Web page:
“Time” is my personal favourite song — a dark track with foreboding tribal drums at its bleak and sinister nucleus. Distant ghostly vocals converge and entwine with soft melancholic verses, subtle chimes ring out above a dreary electronic bass line, and misty minimalist synths sigh throughout, like the frosty breath of a restless ghost gliding across a barren November wasteland. How’s that for Goth? This song, though short, is just begging to be heard.

“Wonderland” follows next, a catchy and potentially popular track, yet it is where I start to get temporarily restless. The song is still somewhat moody, but Summer’s voice suddenly acquires a slightly nasal quality. Something about the song seems incomplete to me — despite its unmistakable catchiness. To me, the song recalls Switchblade Symphony, a band that in their nursery rhyme and adolescent simplicity I have abhorred since their inception — this, however is much better, and being that I am in a relative minority with my opinion of Tina Root and co, my guess is this song will be popular. I just did not find it to be as powerful as the previous three tracks.

“Icarus” as well seems to be lacking — something? This song lacks the intensity of earlier tracks. “Ghost,” though not at all an upbeat or dense track, it is a definitive improvement. A plodding, slow song with spine-chilling vocal harmonies, created by layers of whispers, vocal improv, and dreary disharmonic moans — very cool.

The slight lull is definitely broken by the time “Open” appears. Primarily because the haunting guitars make a welcomed and much needed return. The guitars, I believe, are that aforementioned ‘something.’ Roger is an awesome guitarist, with a fantastic variety of voices in his pedal board and I vote he use it more. Sure, the novelty might wear off if they are used in every song, but I believe “Asphodel” could have been intensified by a more frequent appearance.

Some cool live bass guitar sneaks its way into the mix for “Clarity,” and working in unison with the guitars and dynamic drum programming, a grand sound is achieved. Pianos lead “Dawn” into a beautifully depressive interlude. Wow. When I first really paid attention to this song, my heart sunk. I missed that feeling, as it happens less and less these days. This serves as a surprisingly nice interlude, with a very cool shift in mood at the song’s climax.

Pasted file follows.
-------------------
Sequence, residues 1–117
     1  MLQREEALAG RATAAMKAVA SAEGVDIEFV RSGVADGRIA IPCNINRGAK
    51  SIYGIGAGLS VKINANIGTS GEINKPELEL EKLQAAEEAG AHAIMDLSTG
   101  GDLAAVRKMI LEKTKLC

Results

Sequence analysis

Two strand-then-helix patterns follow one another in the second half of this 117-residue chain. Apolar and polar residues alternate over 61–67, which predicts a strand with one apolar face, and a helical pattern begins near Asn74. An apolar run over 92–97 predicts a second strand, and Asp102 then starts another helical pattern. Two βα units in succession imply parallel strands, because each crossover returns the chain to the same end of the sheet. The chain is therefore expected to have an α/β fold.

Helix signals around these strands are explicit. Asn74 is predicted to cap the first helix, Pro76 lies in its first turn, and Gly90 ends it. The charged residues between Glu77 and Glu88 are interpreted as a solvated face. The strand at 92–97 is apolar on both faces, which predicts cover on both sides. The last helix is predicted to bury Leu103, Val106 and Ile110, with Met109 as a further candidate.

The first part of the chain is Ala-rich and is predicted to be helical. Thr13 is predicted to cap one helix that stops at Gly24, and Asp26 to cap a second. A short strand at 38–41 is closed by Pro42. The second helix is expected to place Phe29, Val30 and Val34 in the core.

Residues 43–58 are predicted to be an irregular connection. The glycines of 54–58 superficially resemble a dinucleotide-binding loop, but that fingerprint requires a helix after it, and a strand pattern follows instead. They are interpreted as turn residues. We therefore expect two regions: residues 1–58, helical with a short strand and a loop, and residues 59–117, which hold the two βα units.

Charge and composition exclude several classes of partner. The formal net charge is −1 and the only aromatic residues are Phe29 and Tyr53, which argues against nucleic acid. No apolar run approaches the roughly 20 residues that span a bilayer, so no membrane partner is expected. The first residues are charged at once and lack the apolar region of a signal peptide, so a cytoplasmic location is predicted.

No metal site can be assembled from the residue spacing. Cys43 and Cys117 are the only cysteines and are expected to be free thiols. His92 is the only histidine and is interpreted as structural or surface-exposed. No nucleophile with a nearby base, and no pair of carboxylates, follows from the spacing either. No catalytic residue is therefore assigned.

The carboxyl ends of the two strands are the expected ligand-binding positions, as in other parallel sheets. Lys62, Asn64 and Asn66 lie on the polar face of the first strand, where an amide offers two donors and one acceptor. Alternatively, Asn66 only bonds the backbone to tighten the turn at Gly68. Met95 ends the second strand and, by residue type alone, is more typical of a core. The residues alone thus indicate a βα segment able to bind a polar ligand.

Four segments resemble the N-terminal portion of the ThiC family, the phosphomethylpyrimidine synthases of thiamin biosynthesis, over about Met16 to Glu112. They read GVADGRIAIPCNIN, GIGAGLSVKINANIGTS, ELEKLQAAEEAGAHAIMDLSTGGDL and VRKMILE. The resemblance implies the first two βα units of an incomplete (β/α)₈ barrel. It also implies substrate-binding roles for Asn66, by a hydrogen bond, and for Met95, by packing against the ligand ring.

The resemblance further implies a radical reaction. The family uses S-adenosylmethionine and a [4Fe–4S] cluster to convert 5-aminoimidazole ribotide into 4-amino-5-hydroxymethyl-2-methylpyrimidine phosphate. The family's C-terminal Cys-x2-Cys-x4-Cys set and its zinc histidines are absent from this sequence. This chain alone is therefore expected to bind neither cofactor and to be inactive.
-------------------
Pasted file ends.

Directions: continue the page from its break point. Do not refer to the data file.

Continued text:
Back into the scarcely lit foggy dance floor we go for “Echo” — slow, swirling, and dark in the way that Love Is Colder Than Death and The Azoic once were. Forlorn and striking vocals, distant guitars, and more ghostly synths shape the song. Decidely more prominent electronic beeps and blips pan to and fro along with varying degrees of punch in the drums. Well done, but probably too introspective for most dance floors as of late. The kids that come early will dig it though.

“Cry” is a more ethereal track, descent but never really goes anywhere, and doesn’t have as captivating a mood to it. “Seek” however, was an interesting shift — a harder hitting drumbeat emerges, part trip hop, part Lycia — cool slap bass lines, and neat guitar climaxes at the chorus. “One” makes a return to introspective ethereal, however, cool artificial harmonic pings and bluesy, fragmented guitar leads give it a unique and suffocating feel. A song that also stands on its own for sure. “Photographic” brings the album to a satisfying and fulfilling finale — a stronger and more organic drum sound, acoustic strums, and another flawless performance by Summer at the mic.

Despite’s its occasional lulls Asphodel is a standout album. There are a lot of songs here, the variation between them being dangerously delicate and subtle. You really have to listen to the album as a whole to truly appreciate it. Though there are fourteen tracks, things move along quickly, as most songs rarely pass the comfortable ‘radio friendly’ (ha!) three-minute mark. The Machine In The Garden utilize synthetics and electronics in a way that is more thought-provoking and emotionally striking — they are true Darkwave at it’s finest, and if you are a devotee of the danceable gloom spun from the black hearts of acts like Malign, Wench, Attrition, and SubVersion, this will definitely tickle your neglected fancy, as well as put a fresh spin on a familiar and time-tested formula.

-, Starvox